The Seven Deadly Sins in Equity Marketing

This course comes from compiling 35 years of experience, successes, and failures; attending hundreds of real estate marketing events; observing others; and gathering input from fellow brokers. My definition of Equity Marketing is where a broker tries to accomplish his or her client’s goals, using all the skill and talents the broker possesses, to move the client to a more beneficial position in his or her asset portfolio. This may include a multiple of the following: cash sale, owner carry financing, creation of notes, exchange for any other asset (1031 or not), gifting, JV, partnering, and developing, along with several other equity marketing formulas you may know.

However, all of the above are only possible if the broker has developed a good relationship with and has an understanding of the client, utilizing the different skill sets referenced earlier. At the March SEC meeting in Utah, I will be leading a discussion on seven mistakes I see brokers continually making. You may have others that aren’t on my list and, if so, I hope you will contribute, making for a livelier, interactive discussion.

But today, I want to briefly mention one of the Seven Deadly Sins several of us have made more than once:

Working with unknowledgeable or inflexible brokers.

I have found that clients are far more receptive to equity/creative marketing than many brokers. Many “For Sale Only” brokers may not comprehend equity marketing until they own real estate. I believe that there is very little chance for their increased understanding if they don’t own real estate or walk in the shoes of those they represent. Working with knowledgeable brokers gives the equity broker a much better chance for success. “For Sale Only” brokers tend to have a closed mind to simultaneous exchanging or creative ideas—and thus waste your time—unless it is a cash sale transaction, making them exactly the right broker to work with. These brokers appear to be thinking for their clients, primarily because they don’t understand, and therefore they don’t present the benefits you may have crafted. In doing so, they do a disservice to their clients. Often, it has nothing to do with the benefits for the client but rather their understanding of the benefit for themselves, the big question: “How do I get paid?”

However, we must always remind ourselves that 90% or more of all RE deals are done the old-fashioned way: cash for deed. Many successful brokers have only known this avenue and will choose to proceed on this path, and many are very successful in that effort. We are never going to, nor should we try to, change how the majority of the real estate market/brokers function. We have all been the beneficiary of a normal cash transaction. As equity brokers, we can be equally as guilty of trying to provide a creative solution to a property because it is our way, and the market or the property type is a highly sought-after, cashable asset. In that case, we should be careful in presenting any creative solution because that can easily be a waste of our time as well. If the majority of the successful “For Sale Only” brokers also understood what you know, you might need to change careers. The large shops have a huge marketing advantage over my small, low-budget company; however, the unique skill set that we have allows us to compete quite well, especially in soft or down markets.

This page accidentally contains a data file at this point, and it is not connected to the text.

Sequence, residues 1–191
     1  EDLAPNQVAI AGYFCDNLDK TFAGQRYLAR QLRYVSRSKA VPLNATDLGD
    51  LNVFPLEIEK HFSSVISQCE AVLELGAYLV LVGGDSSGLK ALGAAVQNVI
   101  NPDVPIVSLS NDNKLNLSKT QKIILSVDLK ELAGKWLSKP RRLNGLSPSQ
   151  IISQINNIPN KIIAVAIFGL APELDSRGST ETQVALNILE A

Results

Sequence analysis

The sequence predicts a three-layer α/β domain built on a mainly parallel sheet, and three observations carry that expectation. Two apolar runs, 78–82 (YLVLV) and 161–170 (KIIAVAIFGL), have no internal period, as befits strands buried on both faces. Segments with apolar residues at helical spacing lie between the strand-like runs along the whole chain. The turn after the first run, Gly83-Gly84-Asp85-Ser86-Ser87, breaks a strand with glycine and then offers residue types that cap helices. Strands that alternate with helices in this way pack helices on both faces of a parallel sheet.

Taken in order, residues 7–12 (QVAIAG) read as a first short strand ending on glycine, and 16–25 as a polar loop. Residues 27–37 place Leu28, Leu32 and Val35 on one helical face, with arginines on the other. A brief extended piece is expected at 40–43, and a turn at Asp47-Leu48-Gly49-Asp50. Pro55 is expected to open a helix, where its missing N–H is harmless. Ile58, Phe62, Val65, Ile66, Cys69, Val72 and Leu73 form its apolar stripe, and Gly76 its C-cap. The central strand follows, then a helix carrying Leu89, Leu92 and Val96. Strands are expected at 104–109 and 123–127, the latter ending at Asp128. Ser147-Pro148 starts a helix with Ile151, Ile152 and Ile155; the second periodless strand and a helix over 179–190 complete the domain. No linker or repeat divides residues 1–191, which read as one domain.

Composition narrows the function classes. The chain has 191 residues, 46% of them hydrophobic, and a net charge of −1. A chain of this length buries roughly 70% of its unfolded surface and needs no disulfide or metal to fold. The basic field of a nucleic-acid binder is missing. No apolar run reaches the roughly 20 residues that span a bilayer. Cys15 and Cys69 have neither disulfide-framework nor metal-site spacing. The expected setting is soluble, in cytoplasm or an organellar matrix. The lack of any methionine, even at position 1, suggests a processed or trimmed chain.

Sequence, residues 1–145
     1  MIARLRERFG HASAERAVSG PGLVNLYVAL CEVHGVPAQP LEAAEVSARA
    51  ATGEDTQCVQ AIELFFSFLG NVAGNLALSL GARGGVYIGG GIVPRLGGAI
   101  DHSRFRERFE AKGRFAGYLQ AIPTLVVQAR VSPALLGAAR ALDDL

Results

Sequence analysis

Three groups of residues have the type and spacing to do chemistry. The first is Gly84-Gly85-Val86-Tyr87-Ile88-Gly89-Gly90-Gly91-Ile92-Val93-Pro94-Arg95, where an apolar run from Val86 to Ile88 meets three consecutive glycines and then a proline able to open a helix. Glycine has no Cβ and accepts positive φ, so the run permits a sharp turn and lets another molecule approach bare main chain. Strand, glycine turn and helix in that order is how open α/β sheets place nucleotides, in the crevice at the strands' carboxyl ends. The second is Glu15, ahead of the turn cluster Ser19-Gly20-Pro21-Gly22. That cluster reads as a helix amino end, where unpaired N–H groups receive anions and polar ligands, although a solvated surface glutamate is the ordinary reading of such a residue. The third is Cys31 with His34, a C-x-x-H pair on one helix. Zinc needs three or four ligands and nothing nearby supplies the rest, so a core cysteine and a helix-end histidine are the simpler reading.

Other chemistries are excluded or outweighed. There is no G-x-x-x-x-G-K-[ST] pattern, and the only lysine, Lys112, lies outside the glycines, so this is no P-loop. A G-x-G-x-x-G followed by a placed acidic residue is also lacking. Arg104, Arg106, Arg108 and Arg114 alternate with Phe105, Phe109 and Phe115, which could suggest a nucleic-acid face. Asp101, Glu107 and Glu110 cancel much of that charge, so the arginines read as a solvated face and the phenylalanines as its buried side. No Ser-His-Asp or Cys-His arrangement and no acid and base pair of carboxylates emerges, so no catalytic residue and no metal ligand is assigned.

Many equity marketing deals come together when there is not enough cash to purchase, not enough cash to finance, or not enough cash to lease. Then what do the “For Sale Only” brokers do? They typically lower the price, telling their client that the market will determine the value, potentially giving away the client’s equity. We equity brokers need to get creative to protect the client’s equity.

Always keep your antenna up for a good cash broker who is open-minded and willing to explore the concepts of equity marketing. That is probably where you came from. No one is born an exchange/equity broker. We develop these skills over time with education, marketing, and mentoring. Pay it forward, be an educator and mentor to those “For Sale Only” brokers you know who are open-minded, and reproduce another equity broker into the equity marketing arena.

Lastly, we need to be cautious of the fringe players, particularly where there is a possible integrity issue. Our creative, fast-paced, humorous style sometimes attracts bad actors. We must monitor the quality of those we choose to work with.

I hope to see you in Salt Lake City on March 17, 2019.

Ted J. Blank SEC, CCIM, EMS

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